So it's not all because he has Julio Jones.
Brady has been the preeminent QB of this generation, but Ryan earned that award THIS year.
#2 by techvet // Dec 29, 2016 - 4:34pm
It's agreed that Ryan should be the MVP but I am puzzling as to why Rodgers comes up short against Prescott when Rodgers has significant more yards and TDs against a tougher schedule without having Elliott in the backfield. (By contrast, using one non-ESPN/FO index, New England had the 2nd-easiest schedule and Atlanta the 9th-easiest schedule.)
#5 by langsty // Dec 29, 2016 - 4:54pm
This is what's been missing from the MVP convo for weeks - a case by case analysis that actually looks at common opponents and head-to-head performance. It's the only rational approach to a tight race.
The bottom line about the MVP award is that sports writers want to protect themselves and the narratives they've spent years pimping - they want to look like authorities, and their authoritative consensus for a few seasons now has been that Ryan is an afterthought. There were even idiots saying in preseason that Ryan was the worst starting QB in the division, despite the fact that his worst season to date wasn't actually that much worse than Cam Newton's best. There was a stunning dearth of public advocacy for Ryan's case before the Falcons clinched a playoff appearance last week, because nobody wanted to look stupid if the Falcons missed the playoffs again. And then in the days since, suddenly everywhere you see that the Falcons need to be taken seriously, Ryan's candidacy is so strong, etc.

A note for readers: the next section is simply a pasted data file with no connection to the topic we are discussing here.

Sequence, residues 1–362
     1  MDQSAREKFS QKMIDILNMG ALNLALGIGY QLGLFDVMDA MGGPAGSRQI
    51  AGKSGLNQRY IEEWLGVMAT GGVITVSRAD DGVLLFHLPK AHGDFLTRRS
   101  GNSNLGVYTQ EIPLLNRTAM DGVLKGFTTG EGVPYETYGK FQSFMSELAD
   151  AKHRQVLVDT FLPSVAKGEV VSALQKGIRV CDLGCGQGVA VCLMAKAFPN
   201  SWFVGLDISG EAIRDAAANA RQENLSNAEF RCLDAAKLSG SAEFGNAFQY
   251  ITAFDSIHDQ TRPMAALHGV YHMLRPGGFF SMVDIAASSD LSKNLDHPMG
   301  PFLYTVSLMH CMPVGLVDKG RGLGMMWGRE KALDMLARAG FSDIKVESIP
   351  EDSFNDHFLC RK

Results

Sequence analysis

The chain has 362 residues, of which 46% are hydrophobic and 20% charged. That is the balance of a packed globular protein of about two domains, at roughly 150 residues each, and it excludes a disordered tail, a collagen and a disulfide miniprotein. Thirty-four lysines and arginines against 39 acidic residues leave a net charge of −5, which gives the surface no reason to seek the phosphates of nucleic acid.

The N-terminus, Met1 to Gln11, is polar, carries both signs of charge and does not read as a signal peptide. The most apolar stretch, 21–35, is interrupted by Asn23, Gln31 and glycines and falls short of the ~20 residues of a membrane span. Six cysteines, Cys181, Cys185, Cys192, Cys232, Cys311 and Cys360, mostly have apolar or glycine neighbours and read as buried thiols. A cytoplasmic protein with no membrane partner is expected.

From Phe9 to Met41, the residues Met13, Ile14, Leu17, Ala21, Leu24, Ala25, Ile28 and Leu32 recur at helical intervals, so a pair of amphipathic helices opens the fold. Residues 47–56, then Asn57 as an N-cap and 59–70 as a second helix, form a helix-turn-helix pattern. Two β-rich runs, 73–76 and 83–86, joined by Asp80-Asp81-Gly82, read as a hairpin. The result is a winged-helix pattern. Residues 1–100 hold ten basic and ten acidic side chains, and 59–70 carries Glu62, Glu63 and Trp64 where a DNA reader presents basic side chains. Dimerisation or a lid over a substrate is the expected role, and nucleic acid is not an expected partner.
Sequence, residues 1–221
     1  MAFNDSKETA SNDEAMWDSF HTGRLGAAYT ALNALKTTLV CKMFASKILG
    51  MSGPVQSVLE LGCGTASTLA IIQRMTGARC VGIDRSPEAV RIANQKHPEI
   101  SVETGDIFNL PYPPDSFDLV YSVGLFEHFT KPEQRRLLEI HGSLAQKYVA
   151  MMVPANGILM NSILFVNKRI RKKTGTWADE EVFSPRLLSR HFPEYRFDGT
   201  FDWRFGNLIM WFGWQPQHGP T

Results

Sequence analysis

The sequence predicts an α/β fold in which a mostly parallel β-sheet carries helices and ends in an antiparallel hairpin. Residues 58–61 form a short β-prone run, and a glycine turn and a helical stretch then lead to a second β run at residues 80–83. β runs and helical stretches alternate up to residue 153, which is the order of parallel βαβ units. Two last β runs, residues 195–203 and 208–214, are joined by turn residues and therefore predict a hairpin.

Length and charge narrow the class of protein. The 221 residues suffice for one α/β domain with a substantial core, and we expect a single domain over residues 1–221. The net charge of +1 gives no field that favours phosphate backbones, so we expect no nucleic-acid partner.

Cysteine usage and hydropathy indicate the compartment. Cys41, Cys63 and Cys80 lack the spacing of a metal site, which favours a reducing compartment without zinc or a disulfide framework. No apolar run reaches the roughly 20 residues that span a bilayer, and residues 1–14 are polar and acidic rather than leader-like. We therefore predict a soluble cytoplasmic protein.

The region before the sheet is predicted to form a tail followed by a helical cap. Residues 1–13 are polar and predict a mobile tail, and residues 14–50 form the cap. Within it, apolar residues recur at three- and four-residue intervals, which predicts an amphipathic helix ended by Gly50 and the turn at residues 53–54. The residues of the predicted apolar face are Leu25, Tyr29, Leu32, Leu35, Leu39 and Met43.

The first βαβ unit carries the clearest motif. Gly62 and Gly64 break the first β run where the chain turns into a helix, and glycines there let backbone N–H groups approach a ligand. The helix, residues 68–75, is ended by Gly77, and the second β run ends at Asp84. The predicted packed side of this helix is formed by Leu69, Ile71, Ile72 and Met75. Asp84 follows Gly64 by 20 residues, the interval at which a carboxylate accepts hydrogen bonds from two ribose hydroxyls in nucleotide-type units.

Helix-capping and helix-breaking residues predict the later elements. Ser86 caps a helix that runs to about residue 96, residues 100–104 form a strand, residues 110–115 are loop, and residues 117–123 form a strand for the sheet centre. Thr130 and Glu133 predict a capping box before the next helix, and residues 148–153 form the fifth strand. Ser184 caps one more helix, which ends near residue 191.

I'm not ragging on you Scott or trying to put you in that group - you've written a great piece that I consider the definitive overview of this race. The debate that's been driving this award would be a lot less heated if more writers had as scrupulous an approach as yours towards shaping the conversation.
#11 by hscer // Dec 29, 2016 - 5:52pm
That's a reasonable hypothesis I hadn't considered, that people were waiting for the Falcons to make the playoffs before acknowledging Ryan's case. There does seem to be some momentum building now. Whether it's enough, we'll see.
#23 by RickD // Dec 30, 2016 - 12:23pm